Do any still use an older high end tuner from the past?....

Things like the CT-7000 from Yamaha, other Marantz, Magnum, Fisher, Scott or any others.  It would be good for us "tuner people" to hear your experience with older, former SOTA tuners.  Thanks. 
I've owned numerous vintage tube tuners over the years, including two different Marantz 10Bs, a 1954 REL Precedent (as you probably realize, that's Radio Engineering Laboratories, no relation to the modern British subwoofer manufacturer), a McIntosh MR71, and several made by H. H. Scott and Fisher. Among more modern solid state designs I've only owned a Carver TX-11 and a Kenwood receiver, both during the 1980s.

By far the most sensitive of these were the 10Bs and the REL Precedent, which were similar to each other in that respect. Despite the Carver's unique sensitivity-enhancing circuitry its sensitivity was easily bested by those two. The best sound quality of all of the tuners I've owned was provided by the REL Precedent, which I used in conjunction with vintage tube-based "multiplex adapters" made by H. H. Scott (model 335 or LM35) and Fisher (model MPX100). (The REL is mono by itself, but it provides a multiplex output from which these adapters can decode the stereo).

Unfortunately, of course, both the 10B and the REL go for multi-thousands of dollars these days, at least if in good condition. In terms of value per dollar the best in my experience was an H. H. Scott 310D used in conjunction with one of the multiplex adapters.

It goes without saying, of course, that condition can make all the difference with any of these older pieces.

Best regards,
-- Al

I'm still using my McIntosh MR-80 and it still sounds terrific, given a clean signal.
Not entirely on topic, but I do still own a McIntosh MR71. Over the years, and living on the left coast, there were excellent FM stations to listen to. Classical music, a college jazz station and two classic rock stations were just some of the choices.


Over the years many excellent tuners came and went from the likes of Marantz, Sansui, McIntosh, Fanfare and Yamaha. Sadly, I now live on the right coast in a large city that is an FM wasteland. The MR71 remains…packed away. I’d have to say I miss all that great free/quality music.

Sorry, I think I’ve been locked up for too many days already.

Like rpeluso, I use a Luxman T110.  In my audio life, I have owned two different Marantz 10Bs, as well, and I have lusted for a Sequerra.  But it doesn't make sense these days to spend so much on a tuner.
McIntosh MR-74 and Luxman T-110, both upgraded by Don Scott and both wonderful. Yamaha T-2 recently refurbished and also excellent. Also quite like the tuner section in my refurbished Tandberg TR-2075 MKll receiver.
tubegb    makes an excellent point.  I have a college classical station and a tech college mainly Jazz/some classical and all the other stations are mainly this country/rock/mainstream mix of "bar" music.  For all the pleasure that exist in good audio gear, many people have their car radio and the bar jukebox as their musical reference...not exactly the absolute sound.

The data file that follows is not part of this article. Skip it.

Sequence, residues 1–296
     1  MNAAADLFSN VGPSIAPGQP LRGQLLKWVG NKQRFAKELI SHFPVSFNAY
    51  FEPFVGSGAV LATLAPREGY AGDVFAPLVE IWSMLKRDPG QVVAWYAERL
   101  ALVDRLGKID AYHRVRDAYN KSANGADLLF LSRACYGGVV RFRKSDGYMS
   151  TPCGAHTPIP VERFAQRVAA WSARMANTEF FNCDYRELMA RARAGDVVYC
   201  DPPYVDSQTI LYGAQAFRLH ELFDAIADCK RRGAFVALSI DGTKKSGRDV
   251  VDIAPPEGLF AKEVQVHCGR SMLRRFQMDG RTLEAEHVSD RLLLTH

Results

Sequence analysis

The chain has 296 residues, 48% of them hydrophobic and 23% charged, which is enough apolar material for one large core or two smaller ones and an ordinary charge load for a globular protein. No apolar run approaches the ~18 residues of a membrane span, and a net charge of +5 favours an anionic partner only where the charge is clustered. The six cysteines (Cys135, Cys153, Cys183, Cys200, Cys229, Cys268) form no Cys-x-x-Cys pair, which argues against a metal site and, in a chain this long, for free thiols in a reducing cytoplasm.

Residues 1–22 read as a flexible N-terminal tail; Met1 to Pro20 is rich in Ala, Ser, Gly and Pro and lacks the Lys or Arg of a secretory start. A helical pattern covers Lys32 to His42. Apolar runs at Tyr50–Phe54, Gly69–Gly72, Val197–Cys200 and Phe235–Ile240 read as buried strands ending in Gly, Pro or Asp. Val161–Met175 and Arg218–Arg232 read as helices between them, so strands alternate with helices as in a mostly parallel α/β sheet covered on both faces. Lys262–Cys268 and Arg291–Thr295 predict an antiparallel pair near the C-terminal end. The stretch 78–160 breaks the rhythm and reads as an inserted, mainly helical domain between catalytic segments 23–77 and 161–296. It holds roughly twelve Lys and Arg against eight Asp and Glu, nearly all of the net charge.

I have a barely used Jolida tube tuner that really sings when I had it connected.  Put it up for sale but got got nothing but uhhhh radio silence (sorry).   Nice looking unit too maybe I’ll break it out again 
I have a Sansui TU-X1.
I’m a jazz fanatic.
There’s only one jazz station in LA.
I've always considered my tuner as a tool to find new jazz music.
Consequently it doesn’t get much use due to bounty of jazz stations all over the world via streaming...along with Tidal & Pandora Premium.

As good as my tuner is, it’s turning out to be more of a nostalgic piece of audio sculpture.
It is a gorgeous beast, and I’ll never get rid of it.
Recently I overhauled my Carver stack - m500t amp, C1 preamp, and TX-11a tuner (kayoed by a party spill). Had to actually replace the tuner, but I was lucky enough to find another TX-11a on ebay in excellent condition for just $125. What a relief to fire it up and hear my stations again, clear as a bell. I may not use it everyday, since I started Qobuz (streamed to a Bluesound Node 2i and thru my Schiit Yggdrasil dac). But nothing really replaces radio. The tube guys may have me beat, but I think that Carver ss tuner is nice for the money! 
I don’t believe it fits your SOTA criteria but I’m still using my Yamaha T500. And for some reason it’s been a regular part of the rotation lately. Usually my listening leans towards physical media. 
Not high end, but I have my eyes on a Pioneer TX-D1000 but don't know how much I can offer. I'm inclined to offer 50% of new retail price but does anyone here know what the going price is? I don't gauge pricing by Ebay